Comms Lessons from the WannaCry Cyberattack
Unless you’ve been hiding under a rock for the past week, you’ll know that the NHS was crippled by the worst global ransomware cyberattack in history. Appointments were cancelled and ambulances diverted as more than 40 hospitals were infected with the aptly-named ‘WannaCry’ ransomware.
Ransomware is a kind of cyberattack that involves hackers taking control of a computer system and blocking access to it until a ransom is paid. In this case, staff could not access vital medical records.By Friday evening, the attack had spread to 99 countries, affecting international companies such as international shipper, FedEx Corp in the US, and Germany’s main rail operator, Deutsche Bahn. The scale of the attack was completely unprecedented.
Where did the attack come from?
A computer hacking group known as Shadow Brokers was at least partly responsible for the attack. It’s claimed the group, which has links to Russia, stole US National Security Agency cyber tools designed to access Microsoft Windows systems, and dumped the technology on a publicly accessible website, where online criminals could access it and hold the world to ransom.
How did the NHS respond?
In some hospitals, the attack completely shut down services, from chemo suites and A&E. Phone calls were unanswered and prescriptions couldn’t be issued. In others, clinical staff were forced to agree a plan of action as the crisis was taking place. With phone lines and internal comms down, they used texts and social media to communicate with each other and to get information out to patients and their families.
Publicly, the response was haphazard, disjointed and lacking a credible security spokesperson from the NHS. The public was looking for someone with gravitas to stand up, provide reassurance and guide the public through the turbulence that the cyberattack created. But this didn’t happen. Instead there was widespread confusion and disruption as patients arrived for appointments that were promptly cancelled, with no explanation.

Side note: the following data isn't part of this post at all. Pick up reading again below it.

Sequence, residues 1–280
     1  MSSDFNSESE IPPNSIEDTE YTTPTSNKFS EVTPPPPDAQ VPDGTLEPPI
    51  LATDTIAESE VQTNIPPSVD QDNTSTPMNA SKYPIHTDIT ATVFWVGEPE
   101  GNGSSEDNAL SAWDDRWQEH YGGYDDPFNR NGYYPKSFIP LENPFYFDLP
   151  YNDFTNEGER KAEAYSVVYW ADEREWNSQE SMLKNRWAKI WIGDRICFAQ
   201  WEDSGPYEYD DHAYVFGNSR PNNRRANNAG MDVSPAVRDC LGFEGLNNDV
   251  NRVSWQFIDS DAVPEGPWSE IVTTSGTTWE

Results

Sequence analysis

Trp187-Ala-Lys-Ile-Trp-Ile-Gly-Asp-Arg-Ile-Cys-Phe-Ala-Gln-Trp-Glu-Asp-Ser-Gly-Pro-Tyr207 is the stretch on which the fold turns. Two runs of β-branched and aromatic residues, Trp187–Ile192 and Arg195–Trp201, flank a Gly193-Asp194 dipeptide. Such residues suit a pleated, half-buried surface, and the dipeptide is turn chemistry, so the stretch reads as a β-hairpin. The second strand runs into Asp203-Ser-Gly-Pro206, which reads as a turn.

How should the NHS handle the crisis going forward?
The NHS needs to address the IT and comms challenges related to the attack quickly, to regain our already limited trust on their guardianship of our data. They need a confident spokesperson from their online security team to acknowledge the dynamic nature of the threat while reassuring us that our data is safe and they are putting all their efforts into ensuring it doesn’t happen again.
What can businesses learn from the WannaCry attack?
The sad truth is cyberattacks aren’t going away. If anything, they’re becoming more frequent as we rely more and more on technology to run businesses. In fact, Government figures released last year showed that two thirds of large British businesses suffered a cyberattack in the preceding 12 months. This is hugely significant, not just for IT teams, but for communications teams as well. Because for many brands, given the proliferation of attacks, it’s now a question of when rather than if they become a victim.
Responding to cyberattacks must be part and parcel of your crisis communications plan, if it isn’t already. If key stakeholders, customers, shareholders and colleagues feel they’ve been kept in the dark, it can damage your brand. Therefore, it’s critical to ensure your security systems are up-to-date, and your crisis plans are up-to-date too, and teams must be properly trained to handle issues that, increasingly, seem inevitable.
Whether its theft of customer data, financial information, or complete networking paralysis, a cyberattack can be extremely distressing and costly. But the long-term damage to your brand if you fail to communicate properly in the aftermath could be even more severe.
Crisis communications is by nature reactive, so, if your business isn’t prepared for a cyberattack, it’s time to stop burying your head in the sand.